AskDefine | Define pictogram

User Contributed Dictionary

English

Noun

  1. A picture that represents a word or an idea

Translations

picture that represents a word or an idea

Extensive Definition

A pictogram (also spelled pictogramme) or pictograph is a symbol representing a concept, object, activity, place or event by illustration. Pictography is a form of writing in which ideas are transmitted through drawing. It is a basis of cuneiform and, to some extent, hieroglyphic writing, which uses drawings also as phonetic letters or determinative rhymes.
Early written symbols were based on pictograms (pictures which resemble what they signify) and ideograms (symbols which represent ideas). They were used by the ancient Chinese culture since around 5000 BC and began to develop into logographic writing systems around 2000 BC. Pictograms are still in use as the main medium of written communication in some non-literate cultures in Africa, The Americas, and Oceania. Pictograms are often used as simple symbols by most contemporary cultures.

Modern use

Pictograms were extensively used on a London Suburban map of the London & North Eastern Railway map in 1937, and remain in common use today, serving as signs or instructions. Because of their graphical nature and fairly realistic style, they are widely used to indicate public toilets, or places such as airports and train stations. However, even these symbols are highly culture-specific. For example, in some cultures men commonly wear dress-like clothing, so even restroom signage is not universal.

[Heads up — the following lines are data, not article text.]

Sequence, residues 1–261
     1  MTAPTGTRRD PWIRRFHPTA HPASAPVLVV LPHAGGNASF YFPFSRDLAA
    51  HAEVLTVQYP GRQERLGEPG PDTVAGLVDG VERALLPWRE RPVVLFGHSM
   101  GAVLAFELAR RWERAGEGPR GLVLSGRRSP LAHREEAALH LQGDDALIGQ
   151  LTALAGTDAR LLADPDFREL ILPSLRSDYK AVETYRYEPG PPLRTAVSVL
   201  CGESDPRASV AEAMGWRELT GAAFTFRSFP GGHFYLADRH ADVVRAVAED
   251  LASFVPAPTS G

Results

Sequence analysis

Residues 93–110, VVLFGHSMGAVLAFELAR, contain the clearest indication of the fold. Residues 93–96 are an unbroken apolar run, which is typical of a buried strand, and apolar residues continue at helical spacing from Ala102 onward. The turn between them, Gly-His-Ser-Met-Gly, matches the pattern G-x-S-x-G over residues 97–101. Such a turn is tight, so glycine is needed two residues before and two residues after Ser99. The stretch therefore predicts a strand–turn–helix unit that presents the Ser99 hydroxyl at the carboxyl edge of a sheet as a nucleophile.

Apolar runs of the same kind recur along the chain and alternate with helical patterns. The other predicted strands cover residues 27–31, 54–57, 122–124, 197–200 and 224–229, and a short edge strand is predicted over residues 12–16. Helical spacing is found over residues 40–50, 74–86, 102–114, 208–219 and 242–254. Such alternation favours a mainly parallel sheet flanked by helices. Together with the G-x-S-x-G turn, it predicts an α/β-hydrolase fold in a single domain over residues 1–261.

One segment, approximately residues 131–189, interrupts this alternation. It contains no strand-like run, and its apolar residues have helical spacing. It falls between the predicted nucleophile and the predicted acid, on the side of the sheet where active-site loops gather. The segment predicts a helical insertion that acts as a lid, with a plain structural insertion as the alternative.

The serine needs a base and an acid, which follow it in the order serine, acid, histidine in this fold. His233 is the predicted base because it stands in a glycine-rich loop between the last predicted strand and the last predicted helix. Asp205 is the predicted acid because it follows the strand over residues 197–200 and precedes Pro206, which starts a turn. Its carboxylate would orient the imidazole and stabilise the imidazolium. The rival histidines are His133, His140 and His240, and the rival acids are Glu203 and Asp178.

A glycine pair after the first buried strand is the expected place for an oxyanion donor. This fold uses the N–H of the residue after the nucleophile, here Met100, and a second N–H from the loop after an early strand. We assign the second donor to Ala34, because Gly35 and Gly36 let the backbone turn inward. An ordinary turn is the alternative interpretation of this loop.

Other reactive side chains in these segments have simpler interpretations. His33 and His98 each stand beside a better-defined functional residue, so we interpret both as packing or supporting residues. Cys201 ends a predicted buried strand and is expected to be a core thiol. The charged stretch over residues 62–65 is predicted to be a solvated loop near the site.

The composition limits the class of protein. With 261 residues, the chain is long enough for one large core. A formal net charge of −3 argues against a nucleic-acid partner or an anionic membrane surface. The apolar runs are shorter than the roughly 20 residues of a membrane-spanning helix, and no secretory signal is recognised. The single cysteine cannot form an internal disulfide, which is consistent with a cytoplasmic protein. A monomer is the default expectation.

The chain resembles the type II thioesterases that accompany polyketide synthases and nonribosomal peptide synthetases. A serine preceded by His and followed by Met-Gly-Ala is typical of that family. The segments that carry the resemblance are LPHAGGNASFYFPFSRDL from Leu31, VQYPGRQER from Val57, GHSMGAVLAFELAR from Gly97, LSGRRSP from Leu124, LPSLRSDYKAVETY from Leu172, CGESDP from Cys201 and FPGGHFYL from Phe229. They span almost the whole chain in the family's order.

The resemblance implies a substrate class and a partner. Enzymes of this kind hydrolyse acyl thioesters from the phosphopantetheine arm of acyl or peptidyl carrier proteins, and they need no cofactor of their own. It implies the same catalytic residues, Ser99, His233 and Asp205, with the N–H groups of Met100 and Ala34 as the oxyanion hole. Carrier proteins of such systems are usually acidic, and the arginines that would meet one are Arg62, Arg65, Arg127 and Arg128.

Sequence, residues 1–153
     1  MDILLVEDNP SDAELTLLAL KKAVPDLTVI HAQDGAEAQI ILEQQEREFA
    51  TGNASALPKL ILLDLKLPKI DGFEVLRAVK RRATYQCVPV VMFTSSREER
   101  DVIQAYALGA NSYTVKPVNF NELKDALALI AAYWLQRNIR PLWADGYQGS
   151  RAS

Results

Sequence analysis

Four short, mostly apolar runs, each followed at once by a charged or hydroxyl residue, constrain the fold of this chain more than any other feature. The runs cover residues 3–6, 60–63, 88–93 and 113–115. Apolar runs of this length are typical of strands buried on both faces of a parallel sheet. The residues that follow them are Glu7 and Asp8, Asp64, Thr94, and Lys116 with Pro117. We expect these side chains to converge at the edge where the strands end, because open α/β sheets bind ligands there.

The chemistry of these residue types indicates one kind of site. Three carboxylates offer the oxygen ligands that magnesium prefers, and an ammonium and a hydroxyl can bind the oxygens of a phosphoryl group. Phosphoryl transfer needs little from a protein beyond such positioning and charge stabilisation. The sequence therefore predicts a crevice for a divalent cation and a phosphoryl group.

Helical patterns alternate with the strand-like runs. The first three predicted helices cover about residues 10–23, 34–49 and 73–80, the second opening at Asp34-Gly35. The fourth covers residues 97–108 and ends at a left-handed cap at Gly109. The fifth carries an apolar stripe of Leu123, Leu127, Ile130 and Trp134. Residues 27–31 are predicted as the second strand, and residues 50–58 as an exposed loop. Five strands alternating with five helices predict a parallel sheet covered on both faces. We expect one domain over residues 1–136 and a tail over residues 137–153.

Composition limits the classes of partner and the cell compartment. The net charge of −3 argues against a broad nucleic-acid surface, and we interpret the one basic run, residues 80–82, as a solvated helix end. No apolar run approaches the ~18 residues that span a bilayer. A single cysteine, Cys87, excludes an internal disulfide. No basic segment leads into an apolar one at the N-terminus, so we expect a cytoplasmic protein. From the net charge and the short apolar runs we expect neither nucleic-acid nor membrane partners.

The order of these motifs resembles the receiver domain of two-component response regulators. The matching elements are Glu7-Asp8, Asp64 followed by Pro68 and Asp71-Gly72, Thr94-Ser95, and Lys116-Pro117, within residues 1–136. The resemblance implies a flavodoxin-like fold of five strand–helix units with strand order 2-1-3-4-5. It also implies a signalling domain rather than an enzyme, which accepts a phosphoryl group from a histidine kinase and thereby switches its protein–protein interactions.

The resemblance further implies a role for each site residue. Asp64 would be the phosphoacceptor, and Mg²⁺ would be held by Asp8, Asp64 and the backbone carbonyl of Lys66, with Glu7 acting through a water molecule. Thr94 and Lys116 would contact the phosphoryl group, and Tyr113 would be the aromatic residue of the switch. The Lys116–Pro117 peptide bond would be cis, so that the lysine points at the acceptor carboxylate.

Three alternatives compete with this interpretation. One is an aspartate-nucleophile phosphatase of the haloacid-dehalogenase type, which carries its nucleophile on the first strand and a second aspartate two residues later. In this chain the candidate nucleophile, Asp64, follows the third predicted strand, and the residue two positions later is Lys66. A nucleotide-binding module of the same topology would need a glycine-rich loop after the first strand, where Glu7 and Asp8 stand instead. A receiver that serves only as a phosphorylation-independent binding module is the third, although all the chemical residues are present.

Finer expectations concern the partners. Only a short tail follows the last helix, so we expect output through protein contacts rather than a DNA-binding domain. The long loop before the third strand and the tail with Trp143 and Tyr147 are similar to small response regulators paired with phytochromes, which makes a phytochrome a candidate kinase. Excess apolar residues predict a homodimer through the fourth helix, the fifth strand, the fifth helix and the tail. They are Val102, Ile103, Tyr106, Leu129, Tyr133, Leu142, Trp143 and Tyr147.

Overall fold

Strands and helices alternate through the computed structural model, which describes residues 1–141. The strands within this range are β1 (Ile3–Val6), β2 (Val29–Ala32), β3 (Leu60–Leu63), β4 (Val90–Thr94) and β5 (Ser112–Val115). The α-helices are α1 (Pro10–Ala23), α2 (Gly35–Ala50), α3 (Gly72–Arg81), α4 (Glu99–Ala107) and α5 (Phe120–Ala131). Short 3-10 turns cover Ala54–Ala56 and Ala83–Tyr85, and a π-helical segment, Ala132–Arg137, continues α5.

A standard set of pictograms was defined in the international standard ISO 7001: Public Information Symbols. Another common set of pictograms are the laundry symbols used on clothing tags and chemical hazard labels. Pictography hinders search-engine capability, requiring symbol searching, while text-based writing also facilitates spoken words, even new words by use of pronunciation rules, and text enables sorting information alphabetically.
Pictographic writing as a modernist poetic technique is credited to Ezra Pound though French surrealists accurately credit the Pacific Northwest American Indians of Alaska who introduced writing, via totem poles, to North America (Reed 2003, p. xix).
Pictograms can also be seen in various crop circles.

References

  • Reed, Ishmael (2003). From Totems to Hip-Hop: A Multicultural Anthology of Poetry Across the Americas, 1900-2002, Ishmael Reed, ed. ISBN 1-56025-458-0.
pictogram in Belarusian: Піктаграфічнае пісьмо
pictogram in Czech: Piktogram
pictogram in Danish: Piktogram
pictogram in German: Piktogramm
pictogram in Estonian: Piktogramm
pictogram in Spanish: Pictograma
pictogram in Esperanto: Piktogramo
pictogram in Persian: تصویرنگار
pictogram in French: Pictogramme
pictogram in Galician: Pictograma
pictogram in Korean: 픽토그램
pictogram in Italian: Pittografia
pictogram in Dutch: Pictogram
pictogram in Japanese: ピクトグラム
pictogram in Norwegian: Piktogram
pictogram in Polish: Piktogram
pictogram in Portuguese: Pictograma
pictogram in Romanian: Pictogramă
pictogram in Russian: Пиктограмма
pictogram in Simple English: Pictogram
pictogram in Slovak: Piktogram
pictogram in Slovenian: Piktogram
pictogram in Finnish: Kuvakirjoitus
pictogram in Swedish: Piktogram
pictogram in Turkish: Piktogram
pictogram in Chinese: 象形文字

Synonyms, Antonyms and Related Words

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